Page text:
Effect of suitable dietary glycine supplementation on growth production, meat quality, serum parameters, and stress alleviation of broiler under heat stress condition

Jiseon Son, Woo-Do Lee, Hyunsoo Kim, Eui-Chul Hong, Hee-Jin Kim, Yeon-Seo Yun, Hwan Ku Kang*

Poultry Research Institute, National Institute of Animal Science, Rural Development Administration, Pyeongchang 25342, Korea

†These authors equally contributed to this study as first author.

*Corresponding author:


This study was conducted to investigate the productivity, meat quality, blood variables, stress responses, and litter quality of broilers offered feed with different levels of Glycine (Gly) supplementation under heat stress condition. A total of 760 one-day-old Ross 308 broiler males were randomly assigned to one of the four dietary treatment groups: (1) basal diet (control; CON); (2) basal diet + Gly 0.1% (Gly 0.1%); (3) basal diet + Gly 0.2% (Gly 0.2%); and (4) basal diet + Gly 0.3% (Gly 0.3%). The environments for all the treatments groups were maintained according to broiler rearing guidelines from day 1 to day 21, and heat stress condition (32 ± 1℃, 60 ± 5%) was created from day 22 to the end. The addition of Gly increased weight gain and affected feed intake (p < 0.05). Gly 0.1% group had higher pH and ferric reducing antioxidant power (FRAP) in the chicken meat and lower heterophil (HE)/ lymphocyte (LY) ratio in the blood (p < 0.05). In particular, Gly 0.2% treatment group had lower serum corticosterone level (p < 0.05) than other groups. For jejunum morphology, the addition of Gly 0.2% significantly reduced the depth of the crypts (p < 0.05). However, the addition of Gly did not significantly affect litter quality (p > 0.05). In conclusion, the addition of glycine improved productivity and meat quality, alleviated heat stress, and improved intestinal function. Further studies are needed to determine the optimal level and mechanism of action of the additive when ingested.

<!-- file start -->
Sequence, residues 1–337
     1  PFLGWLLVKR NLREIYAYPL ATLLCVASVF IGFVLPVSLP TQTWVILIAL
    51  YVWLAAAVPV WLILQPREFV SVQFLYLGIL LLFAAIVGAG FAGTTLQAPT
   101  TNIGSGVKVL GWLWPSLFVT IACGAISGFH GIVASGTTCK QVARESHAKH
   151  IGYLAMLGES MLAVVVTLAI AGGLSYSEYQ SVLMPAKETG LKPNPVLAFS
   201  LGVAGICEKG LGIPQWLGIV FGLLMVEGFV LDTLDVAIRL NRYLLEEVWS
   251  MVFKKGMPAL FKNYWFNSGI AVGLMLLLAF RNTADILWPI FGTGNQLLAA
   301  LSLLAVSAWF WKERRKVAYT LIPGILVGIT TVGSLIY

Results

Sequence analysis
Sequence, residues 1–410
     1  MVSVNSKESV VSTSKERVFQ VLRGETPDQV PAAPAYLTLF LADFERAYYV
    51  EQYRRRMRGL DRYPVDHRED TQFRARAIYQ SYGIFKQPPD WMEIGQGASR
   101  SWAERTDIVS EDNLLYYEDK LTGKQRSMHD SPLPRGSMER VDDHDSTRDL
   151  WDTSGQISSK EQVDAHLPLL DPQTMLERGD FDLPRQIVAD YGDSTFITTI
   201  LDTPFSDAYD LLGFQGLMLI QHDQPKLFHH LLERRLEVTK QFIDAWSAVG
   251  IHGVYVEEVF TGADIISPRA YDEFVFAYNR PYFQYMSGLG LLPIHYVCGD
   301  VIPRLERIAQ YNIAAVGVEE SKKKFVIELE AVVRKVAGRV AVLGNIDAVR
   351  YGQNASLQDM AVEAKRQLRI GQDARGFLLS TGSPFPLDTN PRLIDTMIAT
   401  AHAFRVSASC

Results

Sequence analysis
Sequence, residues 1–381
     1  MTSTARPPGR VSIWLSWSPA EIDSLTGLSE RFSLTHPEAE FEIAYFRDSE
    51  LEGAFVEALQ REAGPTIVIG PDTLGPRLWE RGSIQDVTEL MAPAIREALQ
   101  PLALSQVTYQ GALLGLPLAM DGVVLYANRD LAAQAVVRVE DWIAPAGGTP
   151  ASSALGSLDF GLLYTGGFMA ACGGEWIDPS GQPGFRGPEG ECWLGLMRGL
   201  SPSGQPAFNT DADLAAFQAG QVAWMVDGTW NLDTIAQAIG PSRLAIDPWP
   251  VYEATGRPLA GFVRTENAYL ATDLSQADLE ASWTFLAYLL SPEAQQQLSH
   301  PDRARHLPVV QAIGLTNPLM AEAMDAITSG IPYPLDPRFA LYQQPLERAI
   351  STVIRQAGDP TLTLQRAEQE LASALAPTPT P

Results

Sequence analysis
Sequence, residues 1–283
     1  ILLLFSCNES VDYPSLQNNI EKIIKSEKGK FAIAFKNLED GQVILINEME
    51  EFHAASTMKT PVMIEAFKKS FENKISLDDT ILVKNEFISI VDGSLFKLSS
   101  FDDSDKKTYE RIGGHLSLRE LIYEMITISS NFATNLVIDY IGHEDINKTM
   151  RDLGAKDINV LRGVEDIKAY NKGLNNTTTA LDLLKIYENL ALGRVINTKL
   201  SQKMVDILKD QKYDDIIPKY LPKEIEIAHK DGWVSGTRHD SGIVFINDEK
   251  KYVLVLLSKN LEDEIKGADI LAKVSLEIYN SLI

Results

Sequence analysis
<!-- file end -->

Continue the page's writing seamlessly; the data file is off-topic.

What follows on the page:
alleviating heat stress, blood parameter, carcass traits, glycine supplementation, growth performance

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